After two years of pushing for regulations that would let startup companies raise money by selling securities online to pools of small investors, the crowdfunding industry got much of what it hoped for Thursday.
Proposed rules unveiled by the Ontario Securities Commission are designed to give entrepreneurs room to raise up to $1.5-million during a 12-month period without the expense of an initial public offering while giving investors some degree of protection without the benefits of a formal prospectus.
“We’ve been pushing for two years for crowdfunding regulation, so I’m very happy they are allowing small companies to raise capital in an economic way,” said Sandi Gilbert, founder of SeedUps Canada, a Calgary-based portal that connects small businesses with investors.
Equity crowdfunding is different from project-based crowdfunding organized through websites such as Kickstarter that exchange money for immediate perks such as t-shirts or the joy of watching a movie the contributor helped fund.
Ms. Gilbert, who is also the co-f0under of the Equity Crowdfunding Alliance of Canada, said she has some minor quibbles that might push up costs for small companies but is pleased the OSC is “going in the right direction” along with jurisdictions including the United States and United Kingdom.
After more than a year of study and extensive consultations that included input from firms hungry for funding as well as investor advocates with concerns that online equity crowdfunding would provide a new venue for fraudsters, the OSC concluded that crowdfunding is appropriate for Canada’s largest capital market.
“We think that crowdfunding through an appropriately regulated crowdfunding portal can be a viable method for start-ups … to raise capital,” the regulator said in a thick document containing three additional proposed changes to capital raising in the province.
Under the new rules, which won’t come into force until after a 90-day comment period to allow for feedback and possibly revisions, portals will be required to register with the regulator and conduct background checks on firms raising money. Investors will be limited to a $2,500 investment in any single venture, and $10,000 in a calendar year, and must sign a “risk-acknowledgement form” that says the investor could lose all the money invested.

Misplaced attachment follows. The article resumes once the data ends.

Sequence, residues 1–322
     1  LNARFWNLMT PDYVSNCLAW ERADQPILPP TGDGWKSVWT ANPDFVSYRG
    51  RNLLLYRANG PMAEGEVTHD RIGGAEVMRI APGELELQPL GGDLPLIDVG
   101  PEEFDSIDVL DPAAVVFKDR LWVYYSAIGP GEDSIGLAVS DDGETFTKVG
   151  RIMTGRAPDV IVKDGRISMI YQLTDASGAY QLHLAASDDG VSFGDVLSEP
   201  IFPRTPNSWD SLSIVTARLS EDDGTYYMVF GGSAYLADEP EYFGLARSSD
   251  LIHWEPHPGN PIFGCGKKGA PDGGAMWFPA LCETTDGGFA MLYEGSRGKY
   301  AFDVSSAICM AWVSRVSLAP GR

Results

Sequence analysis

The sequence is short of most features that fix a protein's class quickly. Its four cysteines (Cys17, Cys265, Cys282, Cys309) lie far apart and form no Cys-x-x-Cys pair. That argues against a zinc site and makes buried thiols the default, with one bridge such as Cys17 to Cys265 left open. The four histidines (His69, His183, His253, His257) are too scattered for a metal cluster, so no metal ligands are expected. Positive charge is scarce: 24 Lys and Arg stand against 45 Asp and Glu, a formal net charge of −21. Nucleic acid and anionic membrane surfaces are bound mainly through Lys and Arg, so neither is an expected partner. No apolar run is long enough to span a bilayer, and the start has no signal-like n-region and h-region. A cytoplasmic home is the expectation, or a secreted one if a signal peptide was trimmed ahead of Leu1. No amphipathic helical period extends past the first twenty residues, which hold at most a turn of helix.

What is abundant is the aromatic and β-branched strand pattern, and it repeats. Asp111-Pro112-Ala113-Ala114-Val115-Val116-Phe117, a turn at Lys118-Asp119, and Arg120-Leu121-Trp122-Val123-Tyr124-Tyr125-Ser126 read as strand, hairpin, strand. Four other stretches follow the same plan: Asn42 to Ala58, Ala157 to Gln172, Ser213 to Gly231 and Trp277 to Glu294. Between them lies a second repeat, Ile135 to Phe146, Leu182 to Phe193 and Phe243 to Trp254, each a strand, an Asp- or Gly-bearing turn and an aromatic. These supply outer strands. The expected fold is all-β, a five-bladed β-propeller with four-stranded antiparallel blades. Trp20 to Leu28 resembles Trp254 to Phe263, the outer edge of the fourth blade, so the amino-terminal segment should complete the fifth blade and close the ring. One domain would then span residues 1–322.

There are also tight restrictions to ensure that the company raising money and its board of directors have strong Canadian connections.
Howard Wetston, chair of the OSC, said proposed new rules for raising capital including crowdfunding “will transform Ontario’s exempt market” by providing greater access to capital for businesses and expanding investment opportunities.
“We have done so in a balanced and responsible manner that is intended to facilitate capital raising while maintaining an appropriate level of investor protection,” he said. In an interview, Mr. Wetston said the regulator was determined to “align” the needs of businesses and investors as much as possible while removing barriers to innovation and economic growth.
That doesn’t run contrary to investor protection, he said, adding that investing is risky by nature.
“We want investors to understand and appreciate the risk,” he said of the crowdfunding rules.
The OSC and other Canadian regulators began mulling the new method of capital raising in 2012 in the wake of new legislation in the United States. On Thursday, crowdfunding proposals were also published by regulators in Quebec, Saskatchewan, New Brunswick, Manitoba and Nova Scotia. British Columbia appears to be opting for a more limited “start-up” exemption.
“Today was not a good day for for co-operative regulation in that we saw a patchwork approach and a certain amount of confusion [that is] not helpful to consumers,” said Neil Gross, executive director of the Foundation for the Advancement of Investor Rights (FAIR Canada).
He said he is pleased the portals governed by Ontario’s regulator will be forced under the new rules to do some due diligence on those who will be using them to raise money. However, he said regulators are simply doing what they can to inject investor protection into a fundraising tool that is being driven by global trends.
Canadian regulators are “embracing it by necessity,” Mr. Gross said.
Crowdfunding will become part of the roughly $100-billion exempt market, which has historically been subject to less regulatory scrutiny because it does not require companies to file expensive and detailed prospectus documents before selling securities to investors.
The OSC has opened comment on additional proposed exemptions to allow capital to be raised, such as allowing friends, family and existing securities holders to purchase equity without a prospectus vetted by regulators. These exemptions are already popular in Western Canada and Quebec, as is another proposed exemption that would allow the sale of securities using a simplified offering memorandum instead of a prospectus. These rules will also be subject to the 90-day comment period.